5 incorrect Stocks and Shares ISA myths, busted
ISAs, standing for “individual savings accounts”, have become a common feature of the modern financial landscape since their inception in April 1999.
These tax-efficient savings and investment wrappers have become extraordinarily popular, reducing Income Tax and Capital Gains Tax (CGT) bills for millions of savers. In fact, official government figures from 2021 show that there were 13 million adult ISAs in 2019 to 2020.
Unfortunately, alongside the great benefits they’ve offered investors in their 23 years of existence, there are now many myths and misconceptions with ISAs.
In particular, the Stocks and Shares ISA has been a victim of such misinformation, leading most savers to favour Cash ISAs and forgo the tax-efficient benefits these investment accounts can offer.
So, here are five incorrect Stocks and Shares ISA myths, busted.
1. You can only pay into one type of ISA each year
Each tax year, you can save up to the ISA allowance into your accounts, which stands at £20,000 in the 2022/23 tax year.
With many different ISAs out there, some would-be investors become concerned that by investing through a Stocks and Shares ISA, they’ll be unable to make the most of another available account.
In fact, this isn’t correct at all. The ISA allowance counts across all different kinds of ISAs, allowing you to spread your £20,000 across your accounts as you see fit.
For example, you could save £10,000 in a Cash ISA and then invest a further £10,000 through a Stocks and Shares ISA, all in the same tax year.
The only rule to note here is that you can only contribute to one of each type of ISA – that is, you couldn’t open and invest in two Stocks and Shares ISAs in a single tax year, unless you transferred the entire value of your ISA from one to another and only paid into your new account.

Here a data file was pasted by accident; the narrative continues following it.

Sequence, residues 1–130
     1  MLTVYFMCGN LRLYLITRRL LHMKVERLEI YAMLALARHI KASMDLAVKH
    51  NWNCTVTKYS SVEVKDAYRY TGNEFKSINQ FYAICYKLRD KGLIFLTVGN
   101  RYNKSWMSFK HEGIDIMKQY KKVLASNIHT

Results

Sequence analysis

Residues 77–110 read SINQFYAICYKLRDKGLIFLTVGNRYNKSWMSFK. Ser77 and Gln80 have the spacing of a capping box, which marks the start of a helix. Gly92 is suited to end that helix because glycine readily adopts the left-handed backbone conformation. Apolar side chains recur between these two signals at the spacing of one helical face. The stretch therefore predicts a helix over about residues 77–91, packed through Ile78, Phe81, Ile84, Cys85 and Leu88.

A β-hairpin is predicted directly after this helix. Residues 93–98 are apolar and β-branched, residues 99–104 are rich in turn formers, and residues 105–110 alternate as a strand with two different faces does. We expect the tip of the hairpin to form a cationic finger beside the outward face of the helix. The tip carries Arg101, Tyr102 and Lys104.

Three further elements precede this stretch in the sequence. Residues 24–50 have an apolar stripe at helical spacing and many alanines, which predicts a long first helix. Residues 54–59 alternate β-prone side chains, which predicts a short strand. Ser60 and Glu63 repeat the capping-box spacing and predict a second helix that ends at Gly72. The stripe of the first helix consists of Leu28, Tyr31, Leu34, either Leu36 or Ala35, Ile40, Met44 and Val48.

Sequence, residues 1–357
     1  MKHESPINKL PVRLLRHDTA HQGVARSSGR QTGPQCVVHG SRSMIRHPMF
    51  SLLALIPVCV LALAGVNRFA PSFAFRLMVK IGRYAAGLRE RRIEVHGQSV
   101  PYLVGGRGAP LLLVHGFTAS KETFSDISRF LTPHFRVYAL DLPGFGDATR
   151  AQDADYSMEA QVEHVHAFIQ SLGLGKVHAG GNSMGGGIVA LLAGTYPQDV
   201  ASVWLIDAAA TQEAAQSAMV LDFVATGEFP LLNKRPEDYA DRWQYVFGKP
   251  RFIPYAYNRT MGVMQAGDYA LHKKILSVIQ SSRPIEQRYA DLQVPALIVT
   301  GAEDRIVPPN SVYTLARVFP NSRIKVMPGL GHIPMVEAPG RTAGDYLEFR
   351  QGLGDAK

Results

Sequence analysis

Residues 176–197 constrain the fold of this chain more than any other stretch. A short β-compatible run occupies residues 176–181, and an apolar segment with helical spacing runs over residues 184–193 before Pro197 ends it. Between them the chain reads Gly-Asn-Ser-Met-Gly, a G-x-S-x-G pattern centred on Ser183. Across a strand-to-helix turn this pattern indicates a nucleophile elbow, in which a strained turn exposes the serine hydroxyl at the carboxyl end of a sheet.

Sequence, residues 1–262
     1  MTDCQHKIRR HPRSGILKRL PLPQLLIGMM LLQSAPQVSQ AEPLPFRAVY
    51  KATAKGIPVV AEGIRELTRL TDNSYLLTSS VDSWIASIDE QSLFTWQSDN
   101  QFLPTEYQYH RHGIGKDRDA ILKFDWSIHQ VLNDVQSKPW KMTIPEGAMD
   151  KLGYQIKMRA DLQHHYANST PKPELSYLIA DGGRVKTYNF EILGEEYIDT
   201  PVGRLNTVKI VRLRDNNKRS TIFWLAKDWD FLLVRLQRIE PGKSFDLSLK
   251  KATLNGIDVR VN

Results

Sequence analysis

But you’re more than free to use your allowance across the spectrum of ISAs, from Cash ISAs to Lifetime ISAs and Innovative Finance ISAs.
2. You have to invest your money straightaway
You might think that opening and contributing to a Stocks and Shares ISA means you’ll instantly have to make investment decisions.
In truth, you’re actually able to hold your money in cash within the ISA wrapper until you’re ready to invest.
It can even be sensible to maximise your ISA allowance in a tax year, even if you don’t intend to invest instantly.
For example, if you contributed £20,000 to your ISA before the end of the tax year and held it in cash, you’d then be able to contribute another £20,000 when the allowance resets in April.
That means you’d be able to actually invest up to £40,000 in a single tax year, even if you had been holding your money as cash.
If you don’t use your allowance, you’ll lose it. So, it can make sense to do this in order to make the most of the tax efficiency on offer.
Either way, there’s no obligation to instantly invest; you can simply hold your money as cash and wait until you’re ready to do so.
3. Your money is trapped in the account
One fear many investors have is that their money will be trapped in their ISA. Once again, this is not accurate.
Your money is absolutely not trapped in your ISA at all. In fact, with most Stocks and Shares ISAs, you’re free to withdraw at any time. This may take a few days for some providers to process, but there are no rules preventing you from doing so.
Of course, you will have to liquidate your investments and withdraw them as cash unless you arrange what’s known as an “in specie” transfer and move them into a General Investment Account (GIA) as investments.
You will also lose the portion of your ISA allowance if you contribute to your ISA and then withdraw the same amount in the same tax year, unless your ISA is “flexible”.